An important initiative to improving people’s diets deals with providing nutrition information on food packaging. Because away-from-home food consumption has greatly increased in recent years, research has been done to examine the effects of nutrition information in restaurants. Researchers have found that people significantly underestimate levels of calories, fat, and saturated fat in less-healthful restaurant items (Burton, 2006). Moreover, inclusion of nutrition information has a significant influence on people’s product attitudes, purchase intentions, and choices to consume (Burton, 2006). Many restaurants provide nutrition information on company websites or on premises if asked. However, after observing 4,311 consumers in fast food restaurants, a recent study found that only six people, or 0.1%, accessed nutrition information prior to purchasing their food (Roberto, 2009). Having the information available is only useful if people decide to specifically ask for it, so providing nutrition information to all consumers at the point of sale is much more beneficial. When people are aware of what they are eating, they are much more likely to make better choices.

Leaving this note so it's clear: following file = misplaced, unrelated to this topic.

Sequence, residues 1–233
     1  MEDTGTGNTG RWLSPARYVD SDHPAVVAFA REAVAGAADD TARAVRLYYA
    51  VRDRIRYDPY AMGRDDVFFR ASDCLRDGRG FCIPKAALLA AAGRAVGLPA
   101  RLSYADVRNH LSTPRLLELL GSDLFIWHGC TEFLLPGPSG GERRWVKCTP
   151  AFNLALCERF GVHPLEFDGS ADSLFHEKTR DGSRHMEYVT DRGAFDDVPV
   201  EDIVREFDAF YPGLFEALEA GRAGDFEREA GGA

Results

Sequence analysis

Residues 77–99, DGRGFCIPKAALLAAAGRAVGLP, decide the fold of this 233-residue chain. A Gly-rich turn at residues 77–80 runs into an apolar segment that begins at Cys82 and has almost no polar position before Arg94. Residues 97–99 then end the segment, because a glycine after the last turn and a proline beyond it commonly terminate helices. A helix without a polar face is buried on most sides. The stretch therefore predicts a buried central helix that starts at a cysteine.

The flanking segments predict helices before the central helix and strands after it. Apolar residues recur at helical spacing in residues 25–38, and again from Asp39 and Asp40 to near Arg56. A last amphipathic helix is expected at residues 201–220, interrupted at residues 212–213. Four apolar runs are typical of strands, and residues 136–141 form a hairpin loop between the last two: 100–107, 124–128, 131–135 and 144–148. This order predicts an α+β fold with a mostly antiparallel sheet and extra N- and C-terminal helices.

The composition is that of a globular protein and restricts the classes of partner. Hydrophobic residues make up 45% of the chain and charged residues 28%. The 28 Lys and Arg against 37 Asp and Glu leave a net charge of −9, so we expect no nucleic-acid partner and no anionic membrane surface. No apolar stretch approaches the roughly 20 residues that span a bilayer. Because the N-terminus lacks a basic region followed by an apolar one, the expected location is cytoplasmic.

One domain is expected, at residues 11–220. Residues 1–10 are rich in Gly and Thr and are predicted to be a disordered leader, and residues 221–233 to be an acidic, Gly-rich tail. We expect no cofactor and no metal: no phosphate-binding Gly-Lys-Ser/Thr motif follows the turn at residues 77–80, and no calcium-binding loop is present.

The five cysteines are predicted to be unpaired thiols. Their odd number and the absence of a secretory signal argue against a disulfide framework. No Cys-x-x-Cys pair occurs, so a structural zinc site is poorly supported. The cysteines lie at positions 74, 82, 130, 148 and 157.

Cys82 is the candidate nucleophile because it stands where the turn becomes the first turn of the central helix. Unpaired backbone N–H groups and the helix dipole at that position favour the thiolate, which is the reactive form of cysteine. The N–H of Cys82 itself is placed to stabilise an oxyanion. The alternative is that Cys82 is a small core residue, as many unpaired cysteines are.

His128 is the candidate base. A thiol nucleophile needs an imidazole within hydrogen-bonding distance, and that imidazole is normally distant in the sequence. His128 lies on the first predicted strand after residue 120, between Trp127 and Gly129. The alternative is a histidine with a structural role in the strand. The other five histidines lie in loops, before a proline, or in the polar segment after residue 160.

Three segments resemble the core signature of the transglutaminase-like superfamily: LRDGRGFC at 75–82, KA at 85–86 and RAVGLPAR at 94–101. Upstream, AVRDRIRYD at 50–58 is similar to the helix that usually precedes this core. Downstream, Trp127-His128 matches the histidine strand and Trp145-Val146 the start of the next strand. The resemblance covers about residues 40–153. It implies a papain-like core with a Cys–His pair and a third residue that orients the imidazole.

In 2006, New York City adopted a law requiring chain restaurants to post calorie information on menu boards (NYC Department of Health and Mental Hygiene, 2006). Laws requiring nutrition information on menus and menu boards have since been adopted in other areas, including Oregon, Philadelphia, and King County, Washington, and many other municipalities are considering similar policies (Stein, 2010). Additionally, the Patient Protection and Affordable Care Act was signed into law March 23, 2010 by President Obama. This law includes a provision creating a uniform standard for nutrition-disclosure for restaurants across the country, requiring restaurant chains with more than 20 locations to post calorie values on menus, menu boards, or drive thru boards and keeping additional nutrition information available upon request. The Food and Drug Administration must now propose specific regulations within one year before changes can take effect (National Restaurant Association, 2010). Now, more people than ever before will be aware of the nutrition information of foods they consume in restaurants, and hopefully this will lead to an increase in healthier choices.